Failure plays an important role in learning and innovation but people who experience imposter syndrome tend to feel a great deal of pressure to avoid failure for fear of being “found out”. This can cause delays in delivering work and negatively impact the quality of the work. Even when the outcome of their work is successful, it can make the person with imposter syndrome uncomfortable as it brings with it added pressure to avoid failure in future. This is a vicious cycle that can be difficult to break as they do not believe that they deserve accolades or acknowledgement for their successes, putting it down to luck or external influences.
4. Human Encyclopaedias
These individuals are never satisfied with their level of knowledge and understanding of a topic. They are driven to learn as much as they can; even if they are highly intelligent, knowledgeable and skilled, they still underrate their abilities and feel like frauds.
5. Avoiding delegation of work
This is something that is linked to perfectionism and is also a trait of imposter syndrome. Some people feel uncomfortable delegating work to others because they believe that the work will not be up to their impossibly high standard. They also do not want other peoples’ mistakes or poor-quality output to reflect badly on them as a leader.
Advice on how leaders can support a team member who is experiencing imposter syndrome
If you suspect that a member of your team is experiencing imposter syndrome, then there are a few ways that you can help them to overcome those feelings.
1. Listen without judgement
It is common for people experiencing imposter syndrome to feel like they are alone and hiding behind a mask at work. Ensure that your people know that you are available to talk about how they are feeling and that you will listen without judgement because these feelings of inadequacy are extremely common. Helping your people to reframe their feelings of loneliness by understanding that what they are experiencing is very normal, can help to reassure them.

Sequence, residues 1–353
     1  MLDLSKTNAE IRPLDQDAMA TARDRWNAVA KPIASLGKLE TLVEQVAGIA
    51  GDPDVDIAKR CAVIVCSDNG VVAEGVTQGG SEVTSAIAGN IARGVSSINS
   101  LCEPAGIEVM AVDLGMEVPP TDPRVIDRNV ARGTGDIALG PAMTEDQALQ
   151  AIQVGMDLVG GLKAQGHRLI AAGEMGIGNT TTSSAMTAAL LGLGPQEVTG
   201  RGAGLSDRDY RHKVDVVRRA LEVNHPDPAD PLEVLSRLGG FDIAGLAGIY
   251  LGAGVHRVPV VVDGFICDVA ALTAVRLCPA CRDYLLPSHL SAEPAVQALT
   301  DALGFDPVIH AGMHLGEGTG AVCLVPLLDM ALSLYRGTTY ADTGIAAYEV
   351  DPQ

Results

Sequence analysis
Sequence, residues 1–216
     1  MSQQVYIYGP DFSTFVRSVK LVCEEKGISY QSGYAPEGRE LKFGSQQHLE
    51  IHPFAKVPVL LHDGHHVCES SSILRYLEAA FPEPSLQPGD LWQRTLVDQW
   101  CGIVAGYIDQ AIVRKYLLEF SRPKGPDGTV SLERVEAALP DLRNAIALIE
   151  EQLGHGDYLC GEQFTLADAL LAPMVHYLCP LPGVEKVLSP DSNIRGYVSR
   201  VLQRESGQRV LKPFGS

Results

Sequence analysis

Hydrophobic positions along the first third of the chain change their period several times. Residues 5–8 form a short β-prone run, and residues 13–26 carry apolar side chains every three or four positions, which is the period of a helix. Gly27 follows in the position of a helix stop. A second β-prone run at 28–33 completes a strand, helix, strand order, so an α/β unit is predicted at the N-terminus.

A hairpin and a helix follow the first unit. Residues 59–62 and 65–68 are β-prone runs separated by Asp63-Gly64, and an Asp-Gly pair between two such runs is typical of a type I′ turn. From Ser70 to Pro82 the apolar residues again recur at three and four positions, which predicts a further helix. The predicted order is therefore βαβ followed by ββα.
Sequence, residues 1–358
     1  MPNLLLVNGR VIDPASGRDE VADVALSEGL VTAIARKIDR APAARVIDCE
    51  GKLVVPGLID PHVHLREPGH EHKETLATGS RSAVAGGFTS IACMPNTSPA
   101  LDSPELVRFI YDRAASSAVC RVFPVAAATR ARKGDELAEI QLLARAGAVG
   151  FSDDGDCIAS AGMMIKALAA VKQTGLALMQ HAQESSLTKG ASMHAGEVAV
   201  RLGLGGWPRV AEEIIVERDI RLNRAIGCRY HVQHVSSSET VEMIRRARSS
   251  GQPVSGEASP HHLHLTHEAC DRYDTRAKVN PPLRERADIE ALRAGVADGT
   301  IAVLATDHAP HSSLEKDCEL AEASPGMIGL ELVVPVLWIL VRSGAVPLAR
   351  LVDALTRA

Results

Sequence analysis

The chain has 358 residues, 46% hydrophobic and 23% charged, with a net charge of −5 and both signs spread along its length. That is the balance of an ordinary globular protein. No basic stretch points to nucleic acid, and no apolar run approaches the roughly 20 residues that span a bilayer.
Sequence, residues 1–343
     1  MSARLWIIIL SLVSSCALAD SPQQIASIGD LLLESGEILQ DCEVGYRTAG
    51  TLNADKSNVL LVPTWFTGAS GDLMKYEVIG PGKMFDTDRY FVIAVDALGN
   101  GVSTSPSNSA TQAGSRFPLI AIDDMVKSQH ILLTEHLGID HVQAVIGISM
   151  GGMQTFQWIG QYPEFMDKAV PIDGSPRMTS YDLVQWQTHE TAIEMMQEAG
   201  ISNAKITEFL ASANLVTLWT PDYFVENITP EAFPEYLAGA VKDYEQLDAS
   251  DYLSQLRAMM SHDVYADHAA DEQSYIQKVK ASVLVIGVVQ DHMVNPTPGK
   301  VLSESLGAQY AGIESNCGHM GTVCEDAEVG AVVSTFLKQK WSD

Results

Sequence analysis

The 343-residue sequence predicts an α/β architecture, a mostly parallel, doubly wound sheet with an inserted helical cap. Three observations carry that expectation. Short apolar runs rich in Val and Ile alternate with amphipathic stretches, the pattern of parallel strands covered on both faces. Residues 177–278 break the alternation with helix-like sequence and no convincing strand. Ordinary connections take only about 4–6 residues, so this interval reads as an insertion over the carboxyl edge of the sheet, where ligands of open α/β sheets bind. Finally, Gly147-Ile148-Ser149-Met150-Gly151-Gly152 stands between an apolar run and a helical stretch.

2. Encourage open discussions about strengths and weaknesses
At Marshall Centre, the team complete Clarity 4D profiles, which produces an impartial report outlining strengths, weaknesses and personality traits. The team’s profiles are shared openly, and we are all encouraged to give each other honest feedback. This is a great way to silence people’s inner critics because it demonstrates that nobody in the team is perfect, and it highlights who you can go to when you need help with specific tasks that they are naturally good at and enjoy.
3. Do not argue with or ignore anyone’s inner critic
When leaders dismiss or contradict someone’s inner critic it can cause more anxiety and pressure than it alleviates. If someone doubts their skills to complete a task at work, the worst thing a manager can say is, “don’t be silly, I wouldn’t have given you this task if I didn’t think you could do it.” This can make them feel like even bigger frauds as their perceived incompetence is being overlooked by their manager. It is far better to ask open questions (questions without a yes or no answer) to drill down why they think they do not have the skills to do the job and to find examples of where they have demonstrated those skills in the past.
4. Create a no-blame culture
To ease the intense fear of failure that imposter syndrome creates, ensure your team know that it is acceptable and even encouraged, at all levels of seniority, to admit when they have failed without fear of reprimand.
5. Ensure that your managers receive relevant training on the subject
It can be challenging for managers (especially accidental managers) to know how to identify when people are experiencing imposter syndrome and what to do about it.